Any business can now apply for up to £2,500 in recruitment and “on the job” training subsidies as an incentive to employ people who have been looking for work for six months or more. The new employment and training subsidy or “golden hello” is part of a continued package of welfare benefit and job seeker’s allowance payments which will continue apace throughout the year. The other measures include more support for people who want to set up their own business, access to over 75,000 new work based training opportunities and a brand new concept of “work focused volunteering”. The Chancellor has earmarked £2 billion for these and other initiatives to be announced in his budget in a few days time.
· London Council fined for failures to help profoundly deaf housing applicant
A London local authority failed to interview a deaf housing applicant with a British Sign Language interpreter on two occasions, despite knowing he could not communicate effectively without one. Redbridge Council also failed to supply a telephone without a text phone so that he could use their housing advisory call centre and delayed his application by almost a year. Damages were paid to the applicant and the authority has now taken steps to train all staff in disability awareness issues as well as making remedial improvements including a new texting service.
The case is additionally interesting because the damages were not paid as a result of formal County Court action but through a complaint to the Local Government Ombudsman who stated:-
“The faults I have identified in this matter demonstrate a failure by the Council to comply with the Disability Discrimination Act in making reasonable adjustments to enable disabled people to access services”
The case helps to illustrate how other non legal channels can also sometimes be activated to secure redress of grievances and discrimination claims.
· 15 year old newspaper delivery boy takes “employer” to court!
And in a very creative way, a resourceful 15 year old paper boy has just taken his local newsagent to court! Myles Bebington had been working as a paper boy for the same local newsagent since he was 13. One day, his employer told him to start at 06.30a.m instead of the usual 7.00 start. When his mother complained that this was unlawful, the boy was sacked.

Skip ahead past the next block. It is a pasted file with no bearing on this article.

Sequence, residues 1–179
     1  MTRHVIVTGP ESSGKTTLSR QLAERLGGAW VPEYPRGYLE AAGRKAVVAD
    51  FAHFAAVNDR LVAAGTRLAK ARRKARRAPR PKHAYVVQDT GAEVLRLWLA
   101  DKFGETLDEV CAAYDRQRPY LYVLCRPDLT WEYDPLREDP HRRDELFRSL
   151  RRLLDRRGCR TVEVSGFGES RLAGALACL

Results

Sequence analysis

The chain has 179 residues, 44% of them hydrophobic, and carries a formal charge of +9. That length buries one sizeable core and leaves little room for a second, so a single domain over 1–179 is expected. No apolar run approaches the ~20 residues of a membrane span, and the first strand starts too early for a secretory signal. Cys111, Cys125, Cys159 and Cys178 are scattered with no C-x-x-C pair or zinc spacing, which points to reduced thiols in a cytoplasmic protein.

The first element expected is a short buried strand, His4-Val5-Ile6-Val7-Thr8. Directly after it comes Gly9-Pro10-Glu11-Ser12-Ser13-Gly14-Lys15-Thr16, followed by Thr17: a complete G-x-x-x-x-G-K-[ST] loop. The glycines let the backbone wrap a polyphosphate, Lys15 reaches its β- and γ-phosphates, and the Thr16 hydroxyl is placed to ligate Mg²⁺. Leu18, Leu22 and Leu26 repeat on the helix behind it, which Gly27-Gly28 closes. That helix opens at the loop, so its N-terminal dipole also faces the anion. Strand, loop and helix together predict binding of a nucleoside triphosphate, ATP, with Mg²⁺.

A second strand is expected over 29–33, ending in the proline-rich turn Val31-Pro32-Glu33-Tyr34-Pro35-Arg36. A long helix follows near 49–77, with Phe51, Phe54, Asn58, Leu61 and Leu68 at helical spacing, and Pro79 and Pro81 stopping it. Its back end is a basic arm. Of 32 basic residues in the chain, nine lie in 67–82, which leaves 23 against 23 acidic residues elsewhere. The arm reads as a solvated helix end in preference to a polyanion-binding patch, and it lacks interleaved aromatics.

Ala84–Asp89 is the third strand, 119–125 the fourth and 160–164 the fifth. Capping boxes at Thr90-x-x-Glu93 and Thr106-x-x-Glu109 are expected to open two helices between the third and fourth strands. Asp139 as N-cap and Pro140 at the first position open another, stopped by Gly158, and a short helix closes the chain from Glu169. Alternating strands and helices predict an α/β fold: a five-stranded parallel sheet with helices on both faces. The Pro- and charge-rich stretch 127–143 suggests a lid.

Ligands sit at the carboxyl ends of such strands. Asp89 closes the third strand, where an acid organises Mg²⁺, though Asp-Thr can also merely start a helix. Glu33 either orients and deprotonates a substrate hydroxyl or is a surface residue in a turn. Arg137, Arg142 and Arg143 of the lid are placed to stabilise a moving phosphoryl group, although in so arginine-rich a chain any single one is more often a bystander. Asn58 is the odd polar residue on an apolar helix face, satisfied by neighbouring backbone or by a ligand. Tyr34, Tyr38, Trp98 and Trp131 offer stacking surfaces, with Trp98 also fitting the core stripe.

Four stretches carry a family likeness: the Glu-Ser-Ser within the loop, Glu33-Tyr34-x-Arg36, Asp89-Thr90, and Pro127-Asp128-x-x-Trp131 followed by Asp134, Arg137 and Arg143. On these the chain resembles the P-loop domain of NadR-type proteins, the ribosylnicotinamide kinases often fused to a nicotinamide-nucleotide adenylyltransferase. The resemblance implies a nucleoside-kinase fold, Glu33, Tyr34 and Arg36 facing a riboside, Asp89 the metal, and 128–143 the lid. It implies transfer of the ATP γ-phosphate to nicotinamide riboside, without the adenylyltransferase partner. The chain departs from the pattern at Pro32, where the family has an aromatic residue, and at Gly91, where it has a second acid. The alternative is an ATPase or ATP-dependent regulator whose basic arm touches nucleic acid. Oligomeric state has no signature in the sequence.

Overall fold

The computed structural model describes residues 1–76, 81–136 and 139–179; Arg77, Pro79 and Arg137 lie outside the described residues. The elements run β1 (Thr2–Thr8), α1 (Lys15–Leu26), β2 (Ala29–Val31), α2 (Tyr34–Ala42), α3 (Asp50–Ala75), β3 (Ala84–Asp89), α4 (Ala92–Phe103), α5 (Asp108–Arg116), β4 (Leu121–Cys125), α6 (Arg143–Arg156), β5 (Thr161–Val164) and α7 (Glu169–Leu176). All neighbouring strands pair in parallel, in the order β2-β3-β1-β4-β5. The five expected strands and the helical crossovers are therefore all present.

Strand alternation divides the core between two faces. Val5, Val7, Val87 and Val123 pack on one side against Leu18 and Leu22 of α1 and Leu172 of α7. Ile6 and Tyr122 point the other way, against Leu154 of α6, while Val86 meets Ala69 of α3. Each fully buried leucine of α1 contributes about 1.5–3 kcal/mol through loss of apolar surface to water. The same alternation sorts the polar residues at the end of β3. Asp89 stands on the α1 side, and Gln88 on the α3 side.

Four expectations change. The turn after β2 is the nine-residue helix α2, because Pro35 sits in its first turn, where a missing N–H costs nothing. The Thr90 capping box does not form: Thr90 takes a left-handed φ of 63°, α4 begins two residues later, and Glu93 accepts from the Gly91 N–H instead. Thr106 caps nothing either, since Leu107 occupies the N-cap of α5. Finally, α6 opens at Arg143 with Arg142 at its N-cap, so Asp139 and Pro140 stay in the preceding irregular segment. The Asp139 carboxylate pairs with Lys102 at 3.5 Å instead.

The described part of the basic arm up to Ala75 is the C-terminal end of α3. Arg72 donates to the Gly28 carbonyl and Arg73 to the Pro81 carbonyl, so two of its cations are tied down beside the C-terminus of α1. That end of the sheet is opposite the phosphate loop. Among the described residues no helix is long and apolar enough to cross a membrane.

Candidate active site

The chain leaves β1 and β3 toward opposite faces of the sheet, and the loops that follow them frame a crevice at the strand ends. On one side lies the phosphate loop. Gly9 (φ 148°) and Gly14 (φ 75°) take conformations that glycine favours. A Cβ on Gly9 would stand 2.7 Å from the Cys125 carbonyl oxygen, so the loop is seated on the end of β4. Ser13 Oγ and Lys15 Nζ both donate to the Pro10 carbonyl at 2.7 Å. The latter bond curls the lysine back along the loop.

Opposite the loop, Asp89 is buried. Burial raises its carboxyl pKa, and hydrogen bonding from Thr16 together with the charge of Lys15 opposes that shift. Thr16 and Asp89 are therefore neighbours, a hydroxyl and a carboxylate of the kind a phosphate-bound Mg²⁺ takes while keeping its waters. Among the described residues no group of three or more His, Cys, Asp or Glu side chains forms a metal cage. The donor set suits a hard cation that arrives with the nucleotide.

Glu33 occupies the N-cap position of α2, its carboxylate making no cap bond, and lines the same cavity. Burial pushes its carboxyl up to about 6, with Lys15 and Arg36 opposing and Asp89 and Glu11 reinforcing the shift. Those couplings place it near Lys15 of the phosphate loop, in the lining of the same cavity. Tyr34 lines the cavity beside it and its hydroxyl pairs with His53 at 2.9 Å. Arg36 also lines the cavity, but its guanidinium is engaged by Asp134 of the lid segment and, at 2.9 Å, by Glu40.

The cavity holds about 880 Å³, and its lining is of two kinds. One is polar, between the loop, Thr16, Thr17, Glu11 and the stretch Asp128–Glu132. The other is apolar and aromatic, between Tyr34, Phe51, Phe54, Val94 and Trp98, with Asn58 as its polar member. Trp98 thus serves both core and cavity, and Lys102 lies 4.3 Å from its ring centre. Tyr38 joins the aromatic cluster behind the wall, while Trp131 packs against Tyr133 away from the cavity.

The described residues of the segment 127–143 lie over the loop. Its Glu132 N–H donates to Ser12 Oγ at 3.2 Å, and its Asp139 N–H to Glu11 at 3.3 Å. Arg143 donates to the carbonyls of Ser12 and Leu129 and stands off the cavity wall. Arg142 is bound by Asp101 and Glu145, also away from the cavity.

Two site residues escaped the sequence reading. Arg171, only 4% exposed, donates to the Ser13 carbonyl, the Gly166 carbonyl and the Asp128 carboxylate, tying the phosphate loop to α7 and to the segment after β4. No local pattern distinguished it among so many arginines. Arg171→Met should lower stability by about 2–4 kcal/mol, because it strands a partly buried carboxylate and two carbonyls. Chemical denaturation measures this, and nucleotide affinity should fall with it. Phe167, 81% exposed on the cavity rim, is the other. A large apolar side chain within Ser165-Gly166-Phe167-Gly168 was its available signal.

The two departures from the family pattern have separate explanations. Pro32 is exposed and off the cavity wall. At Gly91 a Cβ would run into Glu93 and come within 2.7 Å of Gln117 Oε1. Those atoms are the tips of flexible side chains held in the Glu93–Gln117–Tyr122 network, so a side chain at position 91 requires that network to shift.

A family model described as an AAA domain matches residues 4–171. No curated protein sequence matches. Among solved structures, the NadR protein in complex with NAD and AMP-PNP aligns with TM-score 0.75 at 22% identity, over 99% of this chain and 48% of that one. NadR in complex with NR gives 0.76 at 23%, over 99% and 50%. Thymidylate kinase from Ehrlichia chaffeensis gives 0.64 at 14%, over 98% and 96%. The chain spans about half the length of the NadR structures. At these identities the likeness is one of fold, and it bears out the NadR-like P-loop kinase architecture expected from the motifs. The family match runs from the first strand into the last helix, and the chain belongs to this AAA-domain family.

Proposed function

The Tribunal found in favour of the newsagent saying that was no employment contract in place between the boy and the shop. But lawyers supporting Myles were glad of his statutory right to go before a tribunal and to highlight the grievance. This would not have been possible without the 2006 Age Discrimination Regulations which are designed to extend unfair dismissal protection not just to older people but to young people and children. Prior to 2006, a boy like Myles would never have got through the front door of the courts! And it is certain that similar cases will continue to be lodged. Even before the age new regulations came into force, cases of this kind were being raised. In December 2002, a former paperboy settled a case for more than £1,000 after he was threatened with the sack by a newsagent when he couldn’t find anyone to cover for his holiday.
· Your holiday entitlement
– new incre
The raft of April 2009 employment law changes included an increase in the minimum statutory entitlement to paid holidays. The increase for full timers goes from 24 to 28 days paid holiday a year. Part timers have a pro-rata entitlement based on the number of days they actually work. Whatever the status, a holiday should replace a worker’s normal day and they should be paid the same amount as if they were working normally.
· New legal framework for disputes
The legal framework to resolve employment disputes was amended on 6th April 2009 under the Employment Act of 2008 which came into operation on that date. There is a new ACAS Code of Practice which sets out the principles of what an employer and employee should do to achieve a reasonable standard of behaviour to resolve both grievance and disciplinary cases. ACAS say that the new arrangements provide for a system of dispute resolution which it is intended to be easy to use and will enable problems to be resolved earlier, with less lost time, expense and stress for all parties.QED Training provide a one day and a more intensive two day training course on disciplinary and grievance policies and procedures. Do get in touch if you would like more details.